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Russian Fighter Jet Intercepts U.S. Reaper Drone Over Black Sea, Resulting in Collision

On Tuesday, a U.S. MQ-9 Reaper drone was driven out of the air in international waters due to a Russian fighter jet harassing and subsequently colliding with it, according to the U.S. European Command, a startling incident that highlights frightening U.S-Russia escalations amid the war in Ukraine.

An MQ-9 Reaper, a U.S. Air Force aircraft on a mission over the southern region of Afghanistan.

Lt. Col. Leslie Pratt / U.S. Air Force file

Gen. James B. Hecker, in charge of U.S. Air Forces Europe and Air Forces Africa, reported that while their MQ-9 plane was flying its regular course in the international airspace, it was intercepted and struck by a Russian aircraft, leading to its complete destruction.

This brazen act of recklessness will not be taken likely by Washington and will only further increase escalatory remarks from the war hawks.

Gen. Hecker added, “In fact, this unsafe and unprofessional act by the Russians nearly caused both aircraft to crash.”

Two Russian Su-27 fighter jets trailed a U.S. surveillance drone as it flew over the Black Sea, which borders Ukraine and Russia.

Before the collision, the jets dumped fuel on the MQ-9. They flew in front of it in a careless, environmentally damaging, and unprofessional approach, according to the European Command of the United States.

At approximately 7 a.m., one of the planes collided with the drone's rotor, causing the U.S. to take it out of the sky.

Two American military personnel reported that the Russian aircraft that clashed with the unmanned aerial vehicle did not fail, but rather put down in Crimea.

The authorities revealed that this was the first occasion in which they had knowledge of a Russian plane releasing fuel on an American aircraft when it was being intercepted.

Of course, this is concerning. The implication of purposeful Russian sabotage of U.S. aircraft may justify more escalations.

Ironically, the U.S. is likely more eager than ever to send fighter jets to Ukraine after this fiasco.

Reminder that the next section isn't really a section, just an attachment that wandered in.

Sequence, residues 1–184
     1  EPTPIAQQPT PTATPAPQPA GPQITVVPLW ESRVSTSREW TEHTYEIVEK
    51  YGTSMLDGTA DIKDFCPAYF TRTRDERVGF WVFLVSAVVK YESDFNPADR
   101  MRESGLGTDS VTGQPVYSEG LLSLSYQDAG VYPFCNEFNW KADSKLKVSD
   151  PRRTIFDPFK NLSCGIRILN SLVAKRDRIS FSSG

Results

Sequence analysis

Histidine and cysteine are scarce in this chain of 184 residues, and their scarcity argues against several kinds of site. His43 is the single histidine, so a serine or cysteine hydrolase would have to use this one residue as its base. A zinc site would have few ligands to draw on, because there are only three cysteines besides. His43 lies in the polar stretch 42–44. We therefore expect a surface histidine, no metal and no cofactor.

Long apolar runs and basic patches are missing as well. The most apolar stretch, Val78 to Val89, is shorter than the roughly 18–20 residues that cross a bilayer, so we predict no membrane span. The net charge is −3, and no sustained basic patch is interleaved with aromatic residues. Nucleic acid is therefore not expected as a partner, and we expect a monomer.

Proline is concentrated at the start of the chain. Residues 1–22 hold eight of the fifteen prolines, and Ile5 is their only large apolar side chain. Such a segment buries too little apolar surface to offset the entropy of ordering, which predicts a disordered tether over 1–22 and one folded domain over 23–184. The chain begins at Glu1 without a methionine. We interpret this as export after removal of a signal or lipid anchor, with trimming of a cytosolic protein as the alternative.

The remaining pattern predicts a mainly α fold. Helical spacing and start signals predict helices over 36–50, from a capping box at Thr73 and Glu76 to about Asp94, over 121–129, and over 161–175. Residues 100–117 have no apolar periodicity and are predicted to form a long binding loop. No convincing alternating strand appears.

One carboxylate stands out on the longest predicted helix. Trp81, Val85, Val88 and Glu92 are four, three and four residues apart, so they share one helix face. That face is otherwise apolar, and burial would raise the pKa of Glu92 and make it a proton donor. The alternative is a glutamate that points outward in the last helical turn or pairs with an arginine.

Brig. Gen. Pat Ryder, the Pentagon's press secretary, expressed the U.S.'s opinion that the incident probably resulted in some form of damage to the Russian plane.

The U.S. terminated the drone's software and is currently considering choices to salvage the debris, though the Russians have the ability to get there faster than a U.S. vessel, according to the officials.

The Russian Ministry of Defense reported that they had spied a drone flying in the vicinity of the Crimean Peninsula, heading towards the boundary of Russia. In response, they dispatched aircraft to identify the aircraft.

They also reported that the two Russian aircraft did not utilize any arms, and "did not come into contact with the unmanned aerial vehicle and returned safely to their home airfield."

Moscow knew exactly what it was doing by intentionally obfuscating the truth while acquitting itself of any responsibility.

The ministry declared that the drone was in flight with its transponders turned off, "violating the boundaries of the temporary airspace regime established for the special military operation, communicated to all users of international airspace, and published in accordance with international standards."

The Chairman of the Joint Chiefs, General Mark Milley, intends to reach out to General Valery Gerasimov of Russia regarding the incident, as per defense officials; however, they have yet to make contact.

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